TB is a disease caused by bacteria called Mycobacterium tuberculosis M.bovis. The bacteria usually attack the lungs, but they can also damage other parts of the body.
Usually TB results from inhaling airborne particles that contain M. tuberculosis. These particles, called droplet nuclei, contain one to here bacilli and are small enough (1 to 5 mm) to reach the alveolar surface. Inoculation (puncture wound) and Ingestion (swallowing) are other rare pathways to acquire M. tuberculosis infection.
Mode of transmission: TB spreads through the air when a person with TB of the lungs or throat coughs, sneezes, or talks.
Symptoms: Coughing up blood or mucus, Fever, Loss of appetite, Night sweats, Weight loss, Weakness or fatigue.
Pathophysiology: M. tuberculosis can inhibit the fusion of lysosomes to phagosomes inside the macrophages. This prevents the destructive enzymes found in the lysosomes from getting to the bacilli captured in the phagosomes. This stay of execution allows time for M. tuberculosis to escape into the cytoplasm. M. tuberculosis has several ways of evading or resisting the host immune response.
Diagnosis: Skin tests, blood tests, x-rays.
Bacilli Calmette-Guerin Vaccine: The BCG vaccine is an attenuated, hybridized strain of M. bovis and is used as a prophylactic vaccine against TB. Vaccination with BCG produces a subclinical infection resulting in sensitization of T lymphocytes and cross-immunity to M. tuberculosis, as well as cutaneous hypersensitivity and in many cases, a positive tuberculin skin test.
Adverse effects: Severe or prolonged ulceration at the vaccination site, lymphadenitis, and lupus vulgaris.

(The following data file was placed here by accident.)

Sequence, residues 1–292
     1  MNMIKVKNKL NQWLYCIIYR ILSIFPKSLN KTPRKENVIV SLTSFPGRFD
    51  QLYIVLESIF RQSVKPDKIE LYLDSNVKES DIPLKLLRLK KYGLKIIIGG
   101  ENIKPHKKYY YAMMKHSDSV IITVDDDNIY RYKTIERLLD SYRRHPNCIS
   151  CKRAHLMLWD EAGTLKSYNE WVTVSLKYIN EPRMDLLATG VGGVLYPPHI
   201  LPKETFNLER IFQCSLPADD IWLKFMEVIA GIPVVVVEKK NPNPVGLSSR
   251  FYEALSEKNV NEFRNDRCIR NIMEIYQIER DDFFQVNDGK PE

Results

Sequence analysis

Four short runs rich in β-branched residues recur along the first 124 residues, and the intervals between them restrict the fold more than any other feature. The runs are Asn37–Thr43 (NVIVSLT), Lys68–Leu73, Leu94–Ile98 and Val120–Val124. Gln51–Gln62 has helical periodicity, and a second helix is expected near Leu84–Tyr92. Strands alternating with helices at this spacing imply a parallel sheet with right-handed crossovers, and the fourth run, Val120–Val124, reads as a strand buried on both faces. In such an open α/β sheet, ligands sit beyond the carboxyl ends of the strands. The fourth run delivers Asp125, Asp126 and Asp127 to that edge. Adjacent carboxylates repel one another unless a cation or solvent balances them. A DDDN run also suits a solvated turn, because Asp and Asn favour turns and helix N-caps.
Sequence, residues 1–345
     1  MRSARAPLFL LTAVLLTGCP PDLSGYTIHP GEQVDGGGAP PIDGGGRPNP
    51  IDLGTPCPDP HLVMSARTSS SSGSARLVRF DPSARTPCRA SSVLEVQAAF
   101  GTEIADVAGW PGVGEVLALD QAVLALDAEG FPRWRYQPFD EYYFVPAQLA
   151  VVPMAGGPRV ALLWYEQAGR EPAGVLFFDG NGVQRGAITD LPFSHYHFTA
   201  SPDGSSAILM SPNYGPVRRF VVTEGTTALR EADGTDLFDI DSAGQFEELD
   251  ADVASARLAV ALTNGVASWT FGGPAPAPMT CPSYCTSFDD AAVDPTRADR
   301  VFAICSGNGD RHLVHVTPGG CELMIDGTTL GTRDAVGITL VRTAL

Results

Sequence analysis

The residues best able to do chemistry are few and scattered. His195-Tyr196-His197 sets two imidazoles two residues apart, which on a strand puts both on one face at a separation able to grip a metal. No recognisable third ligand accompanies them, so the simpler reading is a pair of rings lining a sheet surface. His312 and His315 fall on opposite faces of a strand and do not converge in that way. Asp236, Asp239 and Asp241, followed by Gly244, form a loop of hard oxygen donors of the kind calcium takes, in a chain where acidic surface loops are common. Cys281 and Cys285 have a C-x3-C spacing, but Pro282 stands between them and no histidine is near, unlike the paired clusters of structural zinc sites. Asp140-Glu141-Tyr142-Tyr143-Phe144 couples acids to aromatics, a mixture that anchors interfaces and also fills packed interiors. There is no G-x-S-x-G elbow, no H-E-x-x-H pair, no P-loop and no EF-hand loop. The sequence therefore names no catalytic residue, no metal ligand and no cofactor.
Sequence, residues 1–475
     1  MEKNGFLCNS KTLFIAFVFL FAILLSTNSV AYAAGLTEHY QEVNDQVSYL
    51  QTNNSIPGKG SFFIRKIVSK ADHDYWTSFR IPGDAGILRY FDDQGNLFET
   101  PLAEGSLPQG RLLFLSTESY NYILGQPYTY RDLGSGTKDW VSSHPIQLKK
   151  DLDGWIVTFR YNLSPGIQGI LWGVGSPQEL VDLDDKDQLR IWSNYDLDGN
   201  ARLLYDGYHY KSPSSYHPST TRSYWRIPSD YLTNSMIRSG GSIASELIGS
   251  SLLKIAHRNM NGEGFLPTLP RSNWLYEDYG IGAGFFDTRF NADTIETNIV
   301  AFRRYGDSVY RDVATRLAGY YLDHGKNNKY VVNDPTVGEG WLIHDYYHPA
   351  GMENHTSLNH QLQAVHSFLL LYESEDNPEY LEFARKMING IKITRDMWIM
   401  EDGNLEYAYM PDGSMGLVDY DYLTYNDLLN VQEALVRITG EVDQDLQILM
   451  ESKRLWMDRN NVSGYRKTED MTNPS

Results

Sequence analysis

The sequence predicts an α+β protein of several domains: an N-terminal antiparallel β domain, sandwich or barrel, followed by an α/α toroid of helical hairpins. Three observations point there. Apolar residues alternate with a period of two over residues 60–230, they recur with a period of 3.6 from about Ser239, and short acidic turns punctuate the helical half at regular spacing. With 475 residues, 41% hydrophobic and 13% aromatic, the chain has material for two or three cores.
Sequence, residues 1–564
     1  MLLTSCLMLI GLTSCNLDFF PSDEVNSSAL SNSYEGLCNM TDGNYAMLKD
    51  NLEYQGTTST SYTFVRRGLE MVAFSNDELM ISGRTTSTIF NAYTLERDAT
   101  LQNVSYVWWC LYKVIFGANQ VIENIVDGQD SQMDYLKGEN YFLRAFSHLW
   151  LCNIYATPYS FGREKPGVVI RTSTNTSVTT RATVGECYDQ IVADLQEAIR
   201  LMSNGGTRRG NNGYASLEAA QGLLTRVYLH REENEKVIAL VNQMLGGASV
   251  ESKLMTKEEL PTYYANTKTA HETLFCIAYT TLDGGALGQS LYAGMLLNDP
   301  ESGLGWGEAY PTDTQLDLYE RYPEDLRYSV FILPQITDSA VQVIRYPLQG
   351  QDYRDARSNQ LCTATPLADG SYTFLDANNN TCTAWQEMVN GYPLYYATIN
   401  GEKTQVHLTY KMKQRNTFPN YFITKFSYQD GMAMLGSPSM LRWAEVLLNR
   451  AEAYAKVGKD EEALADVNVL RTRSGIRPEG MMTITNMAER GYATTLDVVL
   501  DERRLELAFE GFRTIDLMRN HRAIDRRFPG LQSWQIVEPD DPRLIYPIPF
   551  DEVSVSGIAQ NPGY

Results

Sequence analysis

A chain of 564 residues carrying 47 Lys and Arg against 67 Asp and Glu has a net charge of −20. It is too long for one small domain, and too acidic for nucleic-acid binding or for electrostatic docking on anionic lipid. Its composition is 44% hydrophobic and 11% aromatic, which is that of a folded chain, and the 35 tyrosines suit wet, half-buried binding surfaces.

First line therapy for Tuberculosis:
Isoniazid: It is one of the two most important TB drugs. The most common mechanisms of resistance result from mutations in the katG or inhA genes. It is highly specific for mycobacterium, with a MIC against M. tuberculosis of 0.01 to 0.25 mcg/mL. Most non-tuberculous mycobacterium such as M. avium is resistant to Isoniazid.
Isoniazid is readily absorbed from the GI tract and from intramuscular injection sites. Isoniazid should be given on an empty stomach whenever possible.
Adverse effects: Hepatotoxicity, Neurotoxicity.
Rifampin: Rifampin shows bactericidal activity against M. tuberculosis and several other mycobacterial species, including M. bovis and M. kansasii. The drug resistance to rifampin is a prognostic factor because it is frequently associated with Isoniazid resistance and leaves the patient with few good therapeutic options. Rifampin also is active against a broad array of other bacteria. Alteration of the target site on RNA polymerase, primarily through changes in the rpoB gene, leads to most forms of rifampin resistance. It is usually given orally, on an empty stomach, but it also can be given as an intravenous infusion (30- minute).
Adverse effects: rash, fever, and gastrointestinal distress.
Rifabutin: Most rifampin-resistant organisms are resistant to rifabutin. Because rifabutin is a less-potent enzyme inducer than rifampin, it may be used in patients who are receiving protease inhibitors. This drug is used for the disseminated M. avium infection in AIDS patients and is quite active against M. tuberculosis.